the north didnt "invade" the south, the south fired on a federal base at ft sumter, that started the war. and for those that keep insisting it wasnt just slavery but other various reasons, read the secession resolutions the confederate states passed, all 11 are entirely about slavery and nothing else. however it wasnt a racist thing it was an economic thing. slaves propped up the southern economy and the slaveholders didnt believe what we now know about economics. states rights is a canard invented by southerners to try to rewrite history. the truth is that a small group of rich slaveholders dragged them into a war to preserve a feudal economy.

Now, why did the Confederates fire on Ft. Sumter? Even tho this is considered to be the start of the war, the truth is that in January ... before Lincoln took office and without authorization ... General Scott attempted to reinforce the garrison with troops and supplies. The Confederates turned the ship back by fire. Sending reinforcements is an act of war!

Further, Lincoln announced that tariffs would continue to be collected at Fort Sumter for the coffers of the Union regardless of the secession of South Carolina from the Union. Despite warnings from his cabinet that sending a ship to Ft. Sumter would be considered an act of war, he did so anyway.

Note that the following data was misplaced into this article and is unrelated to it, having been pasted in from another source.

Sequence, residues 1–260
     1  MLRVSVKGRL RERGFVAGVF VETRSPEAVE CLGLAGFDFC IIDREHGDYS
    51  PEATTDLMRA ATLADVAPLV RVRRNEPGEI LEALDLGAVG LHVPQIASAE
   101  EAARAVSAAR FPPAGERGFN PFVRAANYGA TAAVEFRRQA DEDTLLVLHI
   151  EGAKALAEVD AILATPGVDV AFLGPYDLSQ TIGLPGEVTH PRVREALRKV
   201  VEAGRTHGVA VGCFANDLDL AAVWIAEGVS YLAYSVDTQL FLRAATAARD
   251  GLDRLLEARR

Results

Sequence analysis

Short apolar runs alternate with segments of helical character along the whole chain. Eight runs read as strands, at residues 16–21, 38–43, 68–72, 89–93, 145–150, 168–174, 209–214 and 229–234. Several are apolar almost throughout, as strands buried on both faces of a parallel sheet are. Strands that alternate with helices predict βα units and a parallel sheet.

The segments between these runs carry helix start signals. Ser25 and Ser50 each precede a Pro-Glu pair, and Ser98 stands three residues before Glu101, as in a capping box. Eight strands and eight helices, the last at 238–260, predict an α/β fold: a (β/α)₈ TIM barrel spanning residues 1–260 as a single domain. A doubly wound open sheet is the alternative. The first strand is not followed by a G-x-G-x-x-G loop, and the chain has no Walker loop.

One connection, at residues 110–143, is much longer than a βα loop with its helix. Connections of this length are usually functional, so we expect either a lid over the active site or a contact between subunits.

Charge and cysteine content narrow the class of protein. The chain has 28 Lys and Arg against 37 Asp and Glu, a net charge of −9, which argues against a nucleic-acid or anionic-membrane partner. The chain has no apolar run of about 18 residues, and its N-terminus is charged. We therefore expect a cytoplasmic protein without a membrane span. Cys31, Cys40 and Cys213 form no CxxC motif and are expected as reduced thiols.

First of all you have two separate actions ... secession and invasion.

There is no legal barrier to secession in the Constitution. one can easily argue that secession is clearly legal under the 9th and 10 Amendments. The reason for secession is irrelevant.

Next, did Lincoln invade the South to free the slaves? The answer is clearly no. There is no high moral ground for the north. It was all about money and power.

Regardless of Ft. Sumter, the north most certainly did invade the South. What else can you call it when you send an army into another country's territory? In WWII the Allies invaded N. Africa, Sicily, Italy, and France.

The South sent emissaries to DC to try to negotiate a peaceful separation but they were ignored by Lincoln. Instead, he sent the army.

Both sides miscalculated and over 600,000 died.

The states with slave codes still in effect were all border states with some degree of industrialization and direct trade with the North. Their slave holding class did not dominate their politics, so the interests of that class could not provoke the idiocy of secession, where many died to promote the evil interests of very, very few.

"There is no legal barrier to secession in the Constitution."

Of course there is; legally under the constitution, the federal government can enforce the laws made pursuant to the Constitution. A state could make a null and void proclamation of secession, but as soon as they try to make it stick they fall afoul of that perfectly legal and constitutional power.

-Lobo deserves a more thorough fisking:

"First of all you have two separate actions ... secession and invasion."

-It can't be an invasion when it was already American territory. It was the just and necessary suppression of insurrectionists.

"There is no legal barrier to secession in the Constitution. one can easily argue that secession is clearly legal under the 9th and 10 Amendments."